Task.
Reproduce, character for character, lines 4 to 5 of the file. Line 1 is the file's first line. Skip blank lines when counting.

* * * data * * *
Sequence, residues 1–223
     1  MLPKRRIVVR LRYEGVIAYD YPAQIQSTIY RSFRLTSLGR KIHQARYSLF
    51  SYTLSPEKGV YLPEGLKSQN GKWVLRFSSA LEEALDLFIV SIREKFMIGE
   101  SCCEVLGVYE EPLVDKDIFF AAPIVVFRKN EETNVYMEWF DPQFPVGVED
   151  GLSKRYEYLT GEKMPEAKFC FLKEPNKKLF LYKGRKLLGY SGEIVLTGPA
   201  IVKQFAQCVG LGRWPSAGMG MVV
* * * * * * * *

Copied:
   101  SCCEVLGVYE EPLVDKDIFF AAPIVVFRKN EETNVYMEWF DPQFPVGVED
   151  GLSKRYEYLT GEKMPEAKFC FLKEPNKKLF LYKGRKLLGY SGEIVLTGPA